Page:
Author(s): Tenllado F, Llave C, DazRuz JR
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Abstract RNA silencing occurs in a wide variety of organisms, including protozoa, fungi, plants and animals and involves recognition of a target RNA and initiation of a sequence-specific RNA degradation pathway in the cytoplasm. In the last few years, there have been considerable advances in our understanding of post-transcriptional gene silencing (PTGS). This mechanism is conceived as a natural antiviral defense system in plants that is activated as a response to double-stranded RNA (dsRNA) formed during virus replication. To develop new approaches for plant protection against virus diseases based on PTGS we have expanded previous findings on RNA interference (RNAi) in animals by using dsRNA to specifically interfere with virus infection in plants. This approach differs from strategies based on transgenic expression of RNAs but still relies on PTGS as a means to achieve pathogen-derived resistance (PDR). Our findings suggest that exogenously supplied dsRNA could form the basis for the development of an environmentally safe, new biotechnological tool aimed at protecting crops against virus diseases, provided that some limitations of the current status of the approach could be overcome.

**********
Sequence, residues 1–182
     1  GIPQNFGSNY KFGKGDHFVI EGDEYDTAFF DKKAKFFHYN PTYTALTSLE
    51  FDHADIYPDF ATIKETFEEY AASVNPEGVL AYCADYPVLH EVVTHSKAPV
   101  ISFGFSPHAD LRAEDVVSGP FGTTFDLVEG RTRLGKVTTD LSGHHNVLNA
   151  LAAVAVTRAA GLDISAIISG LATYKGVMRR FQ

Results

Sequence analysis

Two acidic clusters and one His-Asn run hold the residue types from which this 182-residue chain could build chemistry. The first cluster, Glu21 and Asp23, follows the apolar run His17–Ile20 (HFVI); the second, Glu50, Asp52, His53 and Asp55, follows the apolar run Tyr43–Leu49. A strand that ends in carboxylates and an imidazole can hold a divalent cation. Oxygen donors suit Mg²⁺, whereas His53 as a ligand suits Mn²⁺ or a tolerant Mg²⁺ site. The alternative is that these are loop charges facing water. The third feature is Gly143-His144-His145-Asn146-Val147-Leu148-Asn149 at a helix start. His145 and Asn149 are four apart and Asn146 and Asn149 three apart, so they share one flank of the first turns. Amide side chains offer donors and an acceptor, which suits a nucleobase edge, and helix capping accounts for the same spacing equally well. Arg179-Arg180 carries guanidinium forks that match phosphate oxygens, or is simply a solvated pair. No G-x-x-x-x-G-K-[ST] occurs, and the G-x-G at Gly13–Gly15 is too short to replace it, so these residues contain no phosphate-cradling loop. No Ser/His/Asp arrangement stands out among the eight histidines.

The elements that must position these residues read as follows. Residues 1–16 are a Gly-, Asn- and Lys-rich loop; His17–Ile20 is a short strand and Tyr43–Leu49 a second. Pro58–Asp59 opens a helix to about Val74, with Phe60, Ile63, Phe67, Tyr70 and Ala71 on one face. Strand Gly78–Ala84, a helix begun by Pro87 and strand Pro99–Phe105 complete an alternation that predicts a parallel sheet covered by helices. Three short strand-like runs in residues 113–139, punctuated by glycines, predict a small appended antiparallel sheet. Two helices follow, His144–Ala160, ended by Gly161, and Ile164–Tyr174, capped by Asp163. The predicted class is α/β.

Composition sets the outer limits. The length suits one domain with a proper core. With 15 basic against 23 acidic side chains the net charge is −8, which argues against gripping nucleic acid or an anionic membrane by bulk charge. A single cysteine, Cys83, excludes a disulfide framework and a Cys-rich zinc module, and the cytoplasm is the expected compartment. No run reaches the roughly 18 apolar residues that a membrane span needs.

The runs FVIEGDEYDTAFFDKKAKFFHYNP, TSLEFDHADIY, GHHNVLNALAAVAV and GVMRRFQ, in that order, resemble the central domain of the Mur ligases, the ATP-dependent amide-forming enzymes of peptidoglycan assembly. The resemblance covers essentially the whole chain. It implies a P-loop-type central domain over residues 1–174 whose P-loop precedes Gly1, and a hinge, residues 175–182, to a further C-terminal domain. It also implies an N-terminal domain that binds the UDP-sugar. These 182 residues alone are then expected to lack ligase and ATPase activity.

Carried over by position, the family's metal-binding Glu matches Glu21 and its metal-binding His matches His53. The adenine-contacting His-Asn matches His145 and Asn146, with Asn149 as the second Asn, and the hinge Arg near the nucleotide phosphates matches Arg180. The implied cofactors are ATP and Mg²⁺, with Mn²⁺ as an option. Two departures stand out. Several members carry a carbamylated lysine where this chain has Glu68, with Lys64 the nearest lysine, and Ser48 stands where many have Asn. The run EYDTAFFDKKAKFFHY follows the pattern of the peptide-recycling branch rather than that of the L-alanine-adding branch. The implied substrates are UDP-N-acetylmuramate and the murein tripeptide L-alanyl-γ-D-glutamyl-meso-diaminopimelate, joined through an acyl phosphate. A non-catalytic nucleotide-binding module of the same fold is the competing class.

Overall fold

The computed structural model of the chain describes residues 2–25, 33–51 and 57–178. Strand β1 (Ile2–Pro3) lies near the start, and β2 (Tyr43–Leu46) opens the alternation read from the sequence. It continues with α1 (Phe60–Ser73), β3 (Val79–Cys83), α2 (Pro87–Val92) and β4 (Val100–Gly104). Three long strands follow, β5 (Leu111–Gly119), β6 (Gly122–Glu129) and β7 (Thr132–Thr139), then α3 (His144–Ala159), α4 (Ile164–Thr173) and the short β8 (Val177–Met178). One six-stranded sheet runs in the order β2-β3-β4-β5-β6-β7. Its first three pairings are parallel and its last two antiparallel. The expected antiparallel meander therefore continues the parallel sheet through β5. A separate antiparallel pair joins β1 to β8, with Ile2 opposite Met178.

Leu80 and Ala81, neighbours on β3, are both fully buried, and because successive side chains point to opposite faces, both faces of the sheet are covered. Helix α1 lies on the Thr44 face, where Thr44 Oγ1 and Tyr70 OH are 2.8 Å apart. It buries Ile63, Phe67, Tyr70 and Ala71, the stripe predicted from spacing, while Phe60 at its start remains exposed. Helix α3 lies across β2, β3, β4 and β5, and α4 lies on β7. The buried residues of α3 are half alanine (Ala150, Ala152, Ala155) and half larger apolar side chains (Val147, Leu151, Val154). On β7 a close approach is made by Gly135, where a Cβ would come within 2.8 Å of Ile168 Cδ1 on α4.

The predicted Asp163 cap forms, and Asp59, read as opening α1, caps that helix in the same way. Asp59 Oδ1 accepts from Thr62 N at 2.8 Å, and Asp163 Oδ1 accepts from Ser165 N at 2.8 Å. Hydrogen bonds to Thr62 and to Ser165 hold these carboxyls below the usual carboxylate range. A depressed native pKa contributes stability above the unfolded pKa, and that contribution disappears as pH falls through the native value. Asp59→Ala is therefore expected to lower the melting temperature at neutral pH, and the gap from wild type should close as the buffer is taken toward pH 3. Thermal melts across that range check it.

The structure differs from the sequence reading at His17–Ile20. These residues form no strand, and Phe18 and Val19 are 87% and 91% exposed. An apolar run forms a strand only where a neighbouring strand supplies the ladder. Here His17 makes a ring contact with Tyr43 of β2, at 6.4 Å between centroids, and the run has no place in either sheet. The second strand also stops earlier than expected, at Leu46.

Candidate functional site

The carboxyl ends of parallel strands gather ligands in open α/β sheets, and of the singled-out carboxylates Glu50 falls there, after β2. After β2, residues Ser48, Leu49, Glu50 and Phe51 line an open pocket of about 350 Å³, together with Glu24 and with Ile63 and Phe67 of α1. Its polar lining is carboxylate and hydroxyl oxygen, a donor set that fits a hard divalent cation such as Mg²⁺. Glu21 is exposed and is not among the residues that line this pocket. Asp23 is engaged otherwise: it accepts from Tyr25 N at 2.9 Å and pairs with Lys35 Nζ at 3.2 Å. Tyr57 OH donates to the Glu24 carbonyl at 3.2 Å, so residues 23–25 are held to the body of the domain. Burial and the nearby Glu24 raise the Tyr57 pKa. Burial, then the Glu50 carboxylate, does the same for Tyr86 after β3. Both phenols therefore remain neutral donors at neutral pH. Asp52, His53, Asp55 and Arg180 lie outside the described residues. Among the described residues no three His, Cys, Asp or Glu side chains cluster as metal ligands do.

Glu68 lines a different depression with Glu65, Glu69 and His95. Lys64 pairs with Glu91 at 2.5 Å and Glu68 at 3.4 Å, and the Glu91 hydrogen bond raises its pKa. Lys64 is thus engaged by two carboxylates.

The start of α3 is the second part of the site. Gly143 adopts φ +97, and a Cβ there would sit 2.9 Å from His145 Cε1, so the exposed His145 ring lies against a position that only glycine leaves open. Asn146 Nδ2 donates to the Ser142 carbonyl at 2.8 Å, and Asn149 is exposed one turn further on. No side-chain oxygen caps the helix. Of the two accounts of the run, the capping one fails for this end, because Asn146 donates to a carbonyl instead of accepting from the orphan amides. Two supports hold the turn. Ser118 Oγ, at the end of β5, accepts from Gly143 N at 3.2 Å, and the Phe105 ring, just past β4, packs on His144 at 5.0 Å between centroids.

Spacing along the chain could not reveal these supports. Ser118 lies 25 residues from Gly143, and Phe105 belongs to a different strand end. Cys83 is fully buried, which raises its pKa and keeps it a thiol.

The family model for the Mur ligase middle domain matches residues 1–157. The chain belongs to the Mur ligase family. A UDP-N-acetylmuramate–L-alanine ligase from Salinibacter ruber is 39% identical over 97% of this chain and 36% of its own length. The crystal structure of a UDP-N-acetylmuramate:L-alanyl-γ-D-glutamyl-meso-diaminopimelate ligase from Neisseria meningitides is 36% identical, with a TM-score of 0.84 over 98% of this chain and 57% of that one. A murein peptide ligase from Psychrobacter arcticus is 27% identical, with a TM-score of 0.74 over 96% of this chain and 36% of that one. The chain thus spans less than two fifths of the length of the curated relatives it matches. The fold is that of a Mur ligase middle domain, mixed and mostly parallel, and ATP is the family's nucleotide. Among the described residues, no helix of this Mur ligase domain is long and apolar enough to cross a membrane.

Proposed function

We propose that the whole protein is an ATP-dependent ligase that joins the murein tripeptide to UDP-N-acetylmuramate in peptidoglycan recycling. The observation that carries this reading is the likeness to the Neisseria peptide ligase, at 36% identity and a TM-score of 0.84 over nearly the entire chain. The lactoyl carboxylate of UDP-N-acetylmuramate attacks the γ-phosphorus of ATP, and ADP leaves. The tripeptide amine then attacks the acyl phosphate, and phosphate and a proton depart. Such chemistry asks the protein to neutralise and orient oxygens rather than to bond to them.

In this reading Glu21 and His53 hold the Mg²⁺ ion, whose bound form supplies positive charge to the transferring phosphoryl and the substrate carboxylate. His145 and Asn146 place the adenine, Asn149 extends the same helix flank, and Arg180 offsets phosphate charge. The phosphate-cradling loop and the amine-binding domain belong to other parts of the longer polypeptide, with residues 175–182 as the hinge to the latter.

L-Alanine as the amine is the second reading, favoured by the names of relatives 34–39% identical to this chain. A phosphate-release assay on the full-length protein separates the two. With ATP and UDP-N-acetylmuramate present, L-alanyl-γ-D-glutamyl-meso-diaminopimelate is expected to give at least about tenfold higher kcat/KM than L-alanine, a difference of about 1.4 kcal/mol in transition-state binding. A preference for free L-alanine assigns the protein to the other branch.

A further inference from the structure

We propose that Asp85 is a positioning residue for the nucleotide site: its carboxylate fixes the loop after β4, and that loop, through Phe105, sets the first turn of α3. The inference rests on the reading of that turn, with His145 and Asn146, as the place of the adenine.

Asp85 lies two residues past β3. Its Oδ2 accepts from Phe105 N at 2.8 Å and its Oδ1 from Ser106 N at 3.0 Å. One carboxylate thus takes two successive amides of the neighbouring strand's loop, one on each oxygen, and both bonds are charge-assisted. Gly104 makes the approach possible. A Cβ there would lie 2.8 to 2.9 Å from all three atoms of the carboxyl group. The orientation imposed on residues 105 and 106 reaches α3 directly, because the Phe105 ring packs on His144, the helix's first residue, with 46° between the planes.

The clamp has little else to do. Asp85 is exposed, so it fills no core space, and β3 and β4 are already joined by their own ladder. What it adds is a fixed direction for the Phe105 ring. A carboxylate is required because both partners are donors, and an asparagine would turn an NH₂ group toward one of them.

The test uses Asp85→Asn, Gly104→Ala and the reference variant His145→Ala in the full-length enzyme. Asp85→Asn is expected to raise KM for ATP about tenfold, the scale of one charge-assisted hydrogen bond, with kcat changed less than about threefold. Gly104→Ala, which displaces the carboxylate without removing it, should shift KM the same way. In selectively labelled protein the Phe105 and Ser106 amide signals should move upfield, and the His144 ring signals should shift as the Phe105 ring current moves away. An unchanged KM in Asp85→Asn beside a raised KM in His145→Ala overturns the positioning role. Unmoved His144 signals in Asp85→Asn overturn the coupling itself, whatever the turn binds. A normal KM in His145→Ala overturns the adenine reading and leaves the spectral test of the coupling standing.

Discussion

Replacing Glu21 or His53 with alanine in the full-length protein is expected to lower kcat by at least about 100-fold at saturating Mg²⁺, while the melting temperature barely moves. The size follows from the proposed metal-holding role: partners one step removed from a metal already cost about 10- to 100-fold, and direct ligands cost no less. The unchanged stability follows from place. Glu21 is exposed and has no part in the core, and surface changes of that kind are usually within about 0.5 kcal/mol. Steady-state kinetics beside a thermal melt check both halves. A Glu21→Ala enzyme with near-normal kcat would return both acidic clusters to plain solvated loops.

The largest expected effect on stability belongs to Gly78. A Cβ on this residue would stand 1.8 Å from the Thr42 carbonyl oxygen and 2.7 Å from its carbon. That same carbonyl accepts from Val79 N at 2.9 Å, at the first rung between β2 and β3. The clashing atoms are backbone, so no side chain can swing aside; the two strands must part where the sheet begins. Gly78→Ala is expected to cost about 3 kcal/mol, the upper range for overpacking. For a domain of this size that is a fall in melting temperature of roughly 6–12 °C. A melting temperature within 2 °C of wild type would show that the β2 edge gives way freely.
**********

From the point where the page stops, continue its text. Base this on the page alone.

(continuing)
This article was published in Virus Res
and referenced in Gene Technology